As it turned out - It wasn't that scary after all! The apron has a very simple design with no added frills, but I am definitely looking forward to expanding my sewing know-how and trying new patterns. 

I just loved these buttons! This was my idea of adding some little touches that weren't sew-involved. 

I am kinda thinking of taking a class....I never thought I would want to learn that much about sewing, but it would be nice to feel more comfortable adding trims and "frillies".  At least then I would be able to call things by their names and not just generalize with a made-up name. 

Frillies. adj. Cute and adorable. noun. The things that you put on aprons to make it look really professional and sassy.

Anyways, I hope my partner enjoyed it and will get some good use out of it!

Saturday, October 9, 2010

Fabulous Fall Foods Friday - Week 3

Cast Iron Apple Pie


5 pounds firm apples (about 8-10)
     - I like to use 2-3 different kinds, and I always use Granny Smith
1/4 cup lemon juice
1 teaspoon lemon zest
1-1/3 cups sugar
2 teaspoons cinnamon
1/2 to 1 teaspoon nutmeg
1/2 teaspoon salt

Preheat oven to 400 F

1. Peel, core and cut apples into large chunks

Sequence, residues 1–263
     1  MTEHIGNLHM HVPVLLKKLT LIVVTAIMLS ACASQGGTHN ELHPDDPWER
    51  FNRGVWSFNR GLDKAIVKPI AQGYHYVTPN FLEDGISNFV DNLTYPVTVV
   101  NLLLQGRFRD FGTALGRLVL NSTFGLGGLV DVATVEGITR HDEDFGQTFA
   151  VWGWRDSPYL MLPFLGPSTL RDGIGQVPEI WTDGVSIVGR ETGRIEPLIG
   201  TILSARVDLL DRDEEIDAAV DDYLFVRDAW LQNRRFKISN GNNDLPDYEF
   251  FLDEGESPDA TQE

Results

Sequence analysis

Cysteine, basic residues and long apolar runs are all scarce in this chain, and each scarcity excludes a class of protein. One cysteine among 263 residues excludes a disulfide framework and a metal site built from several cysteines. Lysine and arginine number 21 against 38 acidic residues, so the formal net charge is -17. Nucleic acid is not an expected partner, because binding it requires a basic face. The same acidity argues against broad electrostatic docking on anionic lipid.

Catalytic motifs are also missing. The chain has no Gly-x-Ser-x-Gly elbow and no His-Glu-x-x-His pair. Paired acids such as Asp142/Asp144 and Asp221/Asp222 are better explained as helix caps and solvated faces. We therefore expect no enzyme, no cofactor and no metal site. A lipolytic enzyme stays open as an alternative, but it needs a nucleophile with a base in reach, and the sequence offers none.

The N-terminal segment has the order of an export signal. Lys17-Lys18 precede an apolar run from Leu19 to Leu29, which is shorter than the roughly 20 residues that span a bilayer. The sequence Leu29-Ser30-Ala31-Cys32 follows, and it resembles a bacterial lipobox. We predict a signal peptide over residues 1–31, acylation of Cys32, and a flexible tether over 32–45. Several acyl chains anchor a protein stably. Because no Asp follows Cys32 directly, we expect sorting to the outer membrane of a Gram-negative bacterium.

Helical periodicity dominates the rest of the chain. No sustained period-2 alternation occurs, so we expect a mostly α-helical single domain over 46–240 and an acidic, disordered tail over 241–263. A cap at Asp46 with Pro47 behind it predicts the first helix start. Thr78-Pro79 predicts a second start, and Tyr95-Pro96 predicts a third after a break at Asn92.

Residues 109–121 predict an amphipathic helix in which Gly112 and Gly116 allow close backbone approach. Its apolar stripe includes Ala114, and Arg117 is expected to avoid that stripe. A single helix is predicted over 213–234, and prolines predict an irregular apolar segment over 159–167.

2. In a big bowl, toss apples with lemon juice and zest
3. In a smaller bowl, mix the sugar, cinnamon, nutmeg and salt. Sprinkle over apples and toss to coat
4. Place the prepared crust in to the bottom of a #8 (10") cast iron skillet
5. Dump in the apple filling and dot with 3 tablespoons of butter cut into small chunks
6. Place the top layer of crust and crimp the edges. Brush with half-n-half (or whole milk) and sprinkle with a couple tablespoons of sugar (*raw sugar looks best!)
7. Bake for 40 minutes at 400 and then reduce heat to 325 and bake for 30 minutes longer or until crust is a nice golden brown

Pie Crust

2-1/2 cups white flour
1 teaspoon salt
1 cup cold butter, diced
2 teaspoon sugar
5 tablespoons cold water

Sift flour, salt and sugar together. Cut in cold butter until the dough looks coarse. * A trick my mom taught me was to put the dough in to a tupperware bowl that has a lid, and shake the dough up, instead of cutting it in. It will yield a coarse mixture, without adding any heat from your hands...keeping the butter cold!
Shape the dough in to two balls, wrap and chill for 1 hour.

A little vanilla ice cream on the side....Heaven!

Thursday, October 7, 2010